Although some alleged Lapsus$ hackers were arrested in March 2022, the hacker group continues to target and attack high-profile victims.
Here's a regularly updated list of alleged Lapsus$ cyberattack targets, the associated fallout, and steps that MSSPs can take to protect customers from such attacks.
- Globant: Digital transformation developer Globant confirmed that Lapsus$ had stolen source code developed for its clients. Source: SC Media, March 30, 2022.
- Microsoft Azure: Lapsus$ claims to have leaked the source code for Bing, Cortana, and other projects stolen from Microsoft's internal Azure DevOps server. Microsoft later confirmed a hack by Lapsus$. Sources: BleepingComputer and Microsoft, March 22, 2022.
- Nvidia: A cyberattack targeting Nvidia allegedly involved the Lapsus$ ransomware gang. Attackers have since leaked some Nvidia company information online, but the cyberattack did not impact the company’s operations and there’s no evidence that ransomware was deployed on Nvidia’s network, the chip maker has stated. Source: MSSP Alert, March 1, 2022.
- Okta: The identity and access management (IAM) software company is investigating an alleged data breach that may have been launched by Lapsus$. In a tweet, Okta CEO Todd McKinnon said their was no evidence of malicious activity beyond some activity detected in January 2022. Still, some observes expressed concern that Okta partners and customers could potentially suffer from a supply chain attack. Source: MSSP Alert, March 22, 2022.
- Samsung: The mobile device giant confirmed a rumored data breach in which hackers stole some Galaxy device source code. Still, Samsung stopped short of blaming the alleged culprit -- Lapsus$ -- for the breach. Source: MSSP Alert, March 7, 2022.
- T-Mobile: Lapsus$ breached T-Mobile multiple times in March 2022, stealing source code for a range of company projects. T-Mobile says no customer or government information was stolen in the intrusion. Source: KrebsOnSecurity, April 22, 2022.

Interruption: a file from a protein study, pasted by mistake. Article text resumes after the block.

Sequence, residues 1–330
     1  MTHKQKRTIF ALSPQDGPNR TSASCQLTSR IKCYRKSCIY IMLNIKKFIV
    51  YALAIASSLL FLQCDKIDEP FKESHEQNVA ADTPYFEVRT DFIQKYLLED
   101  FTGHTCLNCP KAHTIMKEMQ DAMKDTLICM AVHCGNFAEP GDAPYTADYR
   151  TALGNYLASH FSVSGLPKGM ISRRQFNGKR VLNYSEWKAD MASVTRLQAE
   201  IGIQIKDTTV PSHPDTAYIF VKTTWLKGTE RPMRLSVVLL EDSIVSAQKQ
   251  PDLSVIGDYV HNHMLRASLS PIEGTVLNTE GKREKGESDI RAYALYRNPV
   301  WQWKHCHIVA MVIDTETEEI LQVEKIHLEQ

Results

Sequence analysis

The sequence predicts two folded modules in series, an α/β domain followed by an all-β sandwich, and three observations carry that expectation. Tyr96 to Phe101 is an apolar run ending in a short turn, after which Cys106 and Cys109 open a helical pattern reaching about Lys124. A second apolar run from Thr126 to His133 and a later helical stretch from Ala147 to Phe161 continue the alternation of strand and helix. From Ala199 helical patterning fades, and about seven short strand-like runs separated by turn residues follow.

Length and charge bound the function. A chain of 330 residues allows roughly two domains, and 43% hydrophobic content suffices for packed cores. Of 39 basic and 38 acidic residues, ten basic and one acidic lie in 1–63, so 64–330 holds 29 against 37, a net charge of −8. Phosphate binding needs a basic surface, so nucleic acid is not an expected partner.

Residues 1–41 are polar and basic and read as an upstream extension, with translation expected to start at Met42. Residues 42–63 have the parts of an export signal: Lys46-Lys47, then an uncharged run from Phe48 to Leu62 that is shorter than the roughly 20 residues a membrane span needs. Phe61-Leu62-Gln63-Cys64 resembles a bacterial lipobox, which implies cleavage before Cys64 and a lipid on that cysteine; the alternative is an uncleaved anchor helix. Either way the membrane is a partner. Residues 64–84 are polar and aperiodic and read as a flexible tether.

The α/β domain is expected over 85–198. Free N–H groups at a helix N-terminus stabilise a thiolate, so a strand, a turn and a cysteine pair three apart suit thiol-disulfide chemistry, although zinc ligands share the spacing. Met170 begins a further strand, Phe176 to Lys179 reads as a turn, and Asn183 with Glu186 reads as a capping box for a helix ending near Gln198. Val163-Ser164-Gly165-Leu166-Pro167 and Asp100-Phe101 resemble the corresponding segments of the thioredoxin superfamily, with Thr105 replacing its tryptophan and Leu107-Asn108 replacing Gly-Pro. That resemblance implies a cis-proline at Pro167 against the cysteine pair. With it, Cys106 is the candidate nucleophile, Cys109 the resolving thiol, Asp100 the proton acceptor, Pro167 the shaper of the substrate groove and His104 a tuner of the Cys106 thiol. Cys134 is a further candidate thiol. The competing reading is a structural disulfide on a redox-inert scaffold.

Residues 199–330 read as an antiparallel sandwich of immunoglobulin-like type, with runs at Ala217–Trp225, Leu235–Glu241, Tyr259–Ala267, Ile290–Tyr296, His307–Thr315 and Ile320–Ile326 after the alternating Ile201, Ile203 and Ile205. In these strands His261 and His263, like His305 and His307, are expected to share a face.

Lapsus$ surfaced in December 2021 and the group may be led by one or more teenagers, Bloomberg reports. The group's tactics differs from other threat groups’ in that Lapsus$ "eschews the typical exfiltrate-encrypt-extort playbook, instead concentrating on the data theft and extortion, and the gang has a flair for the dramatic in its demands," The CyberWire reports.
How to Protect Against Lapsus$ Ransomware Attacks
The FBI’s general guidance vs. ransomware attacks includes these 10 recommendations:
- Back-up critical data offline.
- Ensure copies of critical data are in the cloud or on an external hard drive or storage device. This information should not be accessible from the compromised network.
- Secure back-ups and ensure data is not accessible for modification or deletion from the system where the data resides.
- Use multi-factor authentication with strong passwords, including for remote access services.
- Keep computers, devices and applications patched and up-to-date.
- Monitor cyber threat reporting regarding the publication of compromised VPN login credentials and change passwords and settings.
- Consider adding an email banner to emails received from outside your organization.
- Disable unused remote access/Remote Desktop Protocol (RDP) ports and monitor remote access/RDP logs.
- Audit user accounts with administrative privileges and configure access controls with least privilege in mind.
- Implement network segmentation.
How MSPs and MSSPs Can Respond to and Recover From Ransomware Attacks
If a ransomware incident occurs, then the CISA, FBI and NSA recommend the following four actions:
- Follow the Ransomware Response Checklist on p. 11 of the CISA-Multi-State Information Sharing and Analysis Center (MS-ISAC) Joint Ransomware Guide.
- Scan your backups. If possible, scan your backup data with an antivirus program to check that it is free of malware.
- Report incidents immediately to CISA at https://us-cert.cisa.gov/report, a local FBI Field Office, or U.S. Secret Service Field Office.
- Apply incident response best practices found in the joint Advisory, Technical Approaches to Uncovering and Remediating Malicious Activity, developed by CISA and the cybersecurity authorities of Australia, Canada, New Zealand, and the United Kingdom.